Now, in the Trump era, Portland has become a bastion of antifascist militancy. Masked protesters smashed store windows during multiday demonstrations following Trump’s election. In early April, antifa activists threw smoke bombs into a “Rally for Trump and Freedom” in the Portland suburb of Vancouver, Washington. A local paper said the ensuing melee resembled a mosh pit.

When antifascists forced the cancellation of the 82nd Avenue of Roses Parade, Trump supporters responded with a “March for Free Speech.” Among those who attended was Jeremy Christian, a burly ex-con draped in an American flag, who uttered racial slurs and made Nazi salutes. A few weeks later, on May 25, a man believed to be Christian was filmed calling antifa “a bunch of punk bitches.”

The next day, Christian boarded a light-rail train and began yelling that “colored people” were ruining the city. He fixed his attention on two teenage girls, one African American and the other wearing a hijab, and told them “to go back to Saudi Arabia” or “kill themselves.” As the girls retreated to the back of the train, three men interposed themselves between Christian and his targets. “Please,” one said, “get off this train.” Christian stabbed all three. One bled to death on the train. One was declared dead at a local hospital. One survived.

The cycle continued. Nine days after the attack, on June 4, Trump supporters hosted another Portland rally, this one featuring Chapman, who had gained fame with his assault on the antifascist in Berkeley. Antifa activists threw bricks until the police dispersed them with stun grenades and tear gas.

What’s eroding in Portland is the quality Max Weber considered essential to a functioning state: a monopoly on legitimate violence. As members of a largely anarchist movement, antifascists don’t want the government to stop white supremacists from gathering. They want to do so themselves, rendering the government impotent. With help from other left-wing activists, they’re already having some success at disrupting government. Demonstrators have interrupted so many city-council meetings that in February, the council met behind locked doors. In February and March, activists protesting police violence and the city’s investments in the Dakota Access Pipeline hounded Mayor Ted Wheeler so persistently at his home that he took refuge in a hotel. The fateful email to parade organizers warned, “The police cannot stop us from shutting down roads.”

All of this fuels the fears of Trump supporters, who suspect that liberal bastions are refusing to protect their right to free speech. Joey Gibson, a Trump supporter who organized the June 4 Portland rally, told me that his “biggest pet peeve is when mayors have police stand down … They don’t want conservatives to be coming together and speaking.” To provide security at the rally, Gibson brought in a far-right militia called the Oath Keepers. In late June, James Buchal, the chair of the Multnomah County Republican Party, announced that it too would use militia members for security, because “volunteers don’t feel safe on the streets of Portland.”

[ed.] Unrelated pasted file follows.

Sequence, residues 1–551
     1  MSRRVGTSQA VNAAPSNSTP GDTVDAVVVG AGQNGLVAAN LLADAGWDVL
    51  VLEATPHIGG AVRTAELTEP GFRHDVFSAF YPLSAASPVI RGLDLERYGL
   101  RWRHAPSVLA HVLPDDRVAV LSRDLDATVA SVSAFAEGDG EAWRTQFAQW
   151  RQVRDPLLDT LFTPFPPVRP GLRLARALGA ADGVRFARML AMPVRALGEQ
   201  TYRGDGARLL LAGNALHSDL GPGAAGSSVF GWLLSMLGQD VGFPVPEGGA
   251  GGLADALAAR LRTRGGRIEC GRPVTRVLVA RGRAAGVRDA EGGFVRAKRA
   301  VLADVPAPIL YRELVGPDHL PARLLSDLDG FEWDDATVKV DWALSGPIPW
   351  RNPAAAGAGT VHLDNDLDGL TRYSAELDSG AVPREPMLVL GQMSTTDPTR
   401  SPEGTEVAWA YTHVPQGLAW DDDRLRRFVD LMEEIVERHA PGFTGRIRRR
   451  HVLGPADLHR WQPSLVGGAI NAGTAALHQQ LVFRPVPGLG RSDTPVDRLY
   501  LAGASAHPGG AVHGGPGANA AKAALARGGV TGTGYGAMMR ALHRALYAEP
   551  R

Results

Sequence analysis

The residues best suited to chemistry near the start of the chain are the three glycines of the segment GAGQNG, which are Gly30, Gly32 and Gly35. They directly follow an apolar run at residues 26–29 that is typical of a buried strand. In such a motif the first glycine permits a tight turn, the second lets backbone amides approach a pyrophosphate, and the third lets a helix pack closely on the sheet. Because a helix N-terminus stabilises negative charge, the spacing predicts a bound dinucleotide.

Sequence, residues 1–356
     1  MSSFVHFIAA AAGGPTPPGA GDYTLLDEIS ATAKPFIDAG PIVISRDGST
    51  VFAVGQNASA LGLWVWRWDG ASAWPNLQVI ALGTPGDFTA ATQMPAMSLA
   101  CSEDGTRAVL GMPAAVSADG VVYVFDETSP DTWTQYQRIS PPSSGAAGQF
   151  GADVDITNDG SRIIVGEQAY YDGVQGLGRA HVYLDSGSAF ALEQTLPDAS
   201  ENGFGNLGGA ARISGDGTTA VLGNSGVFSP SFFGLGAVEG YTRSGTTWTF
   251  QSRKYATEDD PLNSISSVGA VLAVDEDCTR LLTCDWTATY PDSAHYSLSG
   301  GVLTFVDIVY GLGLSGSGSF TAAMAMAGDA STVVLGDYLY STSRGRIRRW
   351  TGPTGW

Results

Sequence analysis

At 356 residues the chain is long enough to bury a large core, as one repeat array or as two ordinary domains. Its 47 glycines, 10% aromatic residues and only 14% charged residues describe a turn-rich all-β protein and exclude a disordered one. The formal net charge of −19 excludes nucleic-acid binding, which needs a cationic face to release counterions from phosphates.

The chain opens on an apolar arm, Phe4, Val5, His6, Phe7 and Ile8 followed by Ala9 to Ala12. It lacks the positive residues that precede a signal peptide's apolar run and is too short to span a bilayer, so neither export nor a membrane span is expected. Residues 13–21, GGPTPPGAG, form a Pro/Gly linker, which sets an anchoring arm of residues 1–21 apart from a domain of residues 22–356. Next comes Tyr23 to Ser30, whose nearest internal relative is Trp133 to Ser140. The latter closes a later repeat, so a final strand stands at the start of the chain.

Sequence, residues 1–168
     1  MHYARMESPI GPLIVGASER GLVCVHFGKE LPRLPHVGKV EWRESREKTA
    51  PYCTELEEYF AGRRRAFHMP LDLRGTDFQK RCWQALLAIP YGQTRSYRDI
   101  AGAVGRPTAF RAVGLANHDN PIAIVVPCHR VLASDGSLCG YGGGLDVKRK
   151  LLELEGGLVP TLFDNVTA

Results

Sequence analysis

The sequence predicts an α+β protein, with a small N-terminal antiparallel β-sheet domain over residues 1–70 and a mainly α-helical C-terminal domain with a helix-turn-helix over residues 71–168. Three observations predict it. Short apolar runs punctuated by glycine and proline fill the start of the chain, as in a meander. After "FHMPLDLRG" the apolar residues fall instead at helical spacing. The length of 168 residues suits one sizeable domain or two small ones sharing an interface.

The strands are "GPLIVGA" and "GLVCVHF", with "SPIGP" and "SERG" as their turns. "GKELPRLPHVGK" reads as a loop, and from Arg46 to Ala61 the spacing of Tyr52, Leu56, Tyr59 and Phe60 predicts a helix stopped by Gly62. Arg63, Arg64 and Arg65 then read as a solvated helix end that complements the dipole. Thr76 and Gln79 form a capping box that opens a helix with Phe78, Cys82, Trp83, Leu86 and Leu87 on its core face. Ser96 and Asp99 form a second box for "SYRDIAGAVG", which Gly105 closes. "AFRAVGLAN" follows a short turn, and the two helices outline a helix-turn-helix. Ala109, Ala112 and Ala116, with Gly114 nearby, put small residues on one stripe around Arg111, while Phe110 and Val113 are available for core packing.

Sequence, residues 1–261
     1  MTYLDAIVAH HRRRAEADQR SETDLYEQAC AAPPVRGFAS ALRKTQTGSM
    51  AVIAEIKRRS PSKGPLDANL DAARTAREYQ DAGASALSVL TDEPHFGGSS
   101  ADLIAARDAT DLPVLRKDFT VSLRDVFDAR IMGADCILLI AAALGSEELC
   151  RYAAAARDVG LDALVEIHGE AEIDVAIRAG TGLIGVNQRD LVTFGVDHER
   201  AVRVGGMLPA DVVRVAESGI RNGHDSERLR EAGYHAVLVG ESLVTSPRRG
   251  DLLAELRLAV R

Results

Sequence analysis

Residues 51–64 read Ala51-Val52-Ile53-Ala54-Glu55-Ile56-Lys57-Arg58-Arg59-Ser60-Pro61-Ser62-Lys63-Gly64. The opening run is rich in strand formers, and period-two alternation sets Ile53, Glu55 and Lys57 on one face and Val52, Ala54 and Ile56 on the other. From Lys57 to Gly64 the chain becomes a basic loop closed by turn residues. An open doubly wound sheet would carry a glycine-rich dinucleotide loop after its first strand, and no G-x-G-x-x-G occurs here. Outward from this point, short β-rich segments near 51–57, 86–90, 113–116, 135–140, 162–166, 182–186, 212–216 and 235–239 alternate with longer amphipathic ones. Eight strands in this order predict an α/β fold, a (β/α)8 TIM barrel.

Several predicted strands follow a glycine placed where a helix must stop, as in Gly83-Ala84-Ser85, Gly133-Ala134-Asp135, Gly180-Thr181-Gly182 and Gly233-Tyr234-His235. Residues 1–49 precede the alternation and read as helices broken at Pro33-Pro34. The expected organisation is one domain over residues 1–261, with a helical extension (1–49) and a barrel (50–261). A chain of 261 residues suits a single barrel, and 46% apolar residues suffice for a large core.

Antifa believes it is pursuing the opposite of authoritarianism. Many of its activists oppose the very notion of a centralized state. But in the name of protecting the vulnerable, antifascists have granted themselves the authority to decide which Americans may publicly assemble and which may not. That authority rests on no democratic foundation. Unlike the politicians they revile, the men and women of antifa cannot be voted out of office. Generally, they don’t even disclose their names.

Antifa’s perceived legitimacy is inversely correlated with the government’s. Which is why, in the Trump era, the movement is growing like never before. As the president derides and subverts liberal-democratic norms, progressives face a choice. They can recommit to the rules of fair play, and try to limit the president’s corrosive effect, though they will often fail. Or they can, in revulsion or fear or righteous rage, try to deny racists and Trump supporters their political rights. From Middlebury to Berkeley to Portland, the latter approach is on the rise, especially among young people.

Revulsion, fear, and rage are understandable. But one thing is clear. The people preventing Republicans from safely assembling on the streets of Portland may consider themselves fierce opponents of the authoritarianism growing on the American right. In truth, however, they are its unlikeliest allies.

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Is Sharia Law Coming to a Neighborhood Near You? Ex-Muslim’s Answer is Terrifying

We’ve entered at time when the Islamic conquest of the West is no longer happening quietly behind the scenes.